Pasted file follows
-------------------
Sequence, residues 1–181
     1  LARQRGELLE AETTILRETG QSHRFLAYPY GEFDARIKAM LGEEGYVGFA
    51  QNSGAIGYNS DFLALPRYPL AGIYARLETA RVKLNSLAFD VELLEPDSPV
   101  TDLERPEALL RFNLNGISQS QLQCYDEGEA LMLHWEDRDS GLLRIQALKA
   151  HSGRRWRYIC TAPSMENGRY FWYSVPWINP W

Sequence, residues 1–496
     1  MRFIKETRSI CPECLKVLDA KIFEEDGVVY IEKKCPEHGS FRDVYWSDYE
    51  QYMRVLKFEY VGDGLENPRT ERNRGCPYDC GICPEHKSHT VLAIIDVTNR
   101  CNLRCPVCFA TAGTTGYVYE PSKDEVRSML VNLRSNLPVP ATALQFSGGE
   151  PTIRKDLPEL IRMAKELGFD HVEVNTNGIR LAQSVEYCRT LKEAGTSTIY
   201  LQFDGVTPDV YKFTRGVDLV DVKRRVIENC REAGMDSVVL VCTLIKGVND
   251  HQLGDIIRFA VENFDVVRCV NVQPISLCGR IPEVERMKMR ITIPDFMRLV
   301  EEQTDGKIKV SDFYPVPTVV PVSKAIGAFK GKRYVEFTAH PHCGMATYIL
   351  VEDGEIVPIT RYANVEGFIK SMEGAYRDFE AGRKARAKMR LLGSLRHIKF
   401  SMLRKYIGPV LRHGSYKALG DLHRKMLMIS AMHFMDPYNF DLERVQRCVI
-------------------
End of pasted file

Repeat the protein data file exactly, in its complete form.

Sequence, residues 1–181
     1  LARQRGELLE AETTILRETG QSHRFLAYPY GEFDARIKAM LGEEGYVGFA
    51  QNSGAIGYNS DFLALPRYPL AGIYARLETA RVKLNSLAFD VELLEPDSPV
   101  TDLERPEALL RFNLNGISQS QLQCYDEGEA LMLHWEDRDS GLLRIQALKA
   151  HSGRRWRYIC TAPSMENGRY FWYSVPWINP W

Sequence, residues 1–496
     1  MRFIKETRSI CPECLKVLDA KIFEEDGVVY IEKKCPEHGS FRDVYWSDYE
    51  QYMRVLKFEY VGDGLENPRT ERNRGCPYDC GICPEHKSHT VLAIIDVTNR
   101  CNLRCPVCFA TAGTTGYVYE PSKDEVRSML VNLRSNLPVP ATALQFSGGE
   151  PTIRKDLPEL IRMAKELGFD HVEVNTNGIR LAQSVEYCRT LKEAGTSTIY
   201  LQFDGVTPDV YKFTRGVDLV DVKRRVIENC REAGMDSVVL VCTLIKGVND
   251  HQLGDIIRFA VENFDVVRCV NVQPISLCGR IPEVERMKMR ITIPDFMRLV
   301  EEQTDGKIKV SDFYPVPTVV PVSKAIGAFK GKRYVEFTAH PHCGMATYIL
   351  VEDGEIVPIT RYANVEGFIK SMEGAYRDFE AGRKARAKMR LLGSLRHIKF
   401  SMLRKYIGPV LRHGSYKALG DLHRKMLMIS AMHFMDPYNF DLERVQRCVI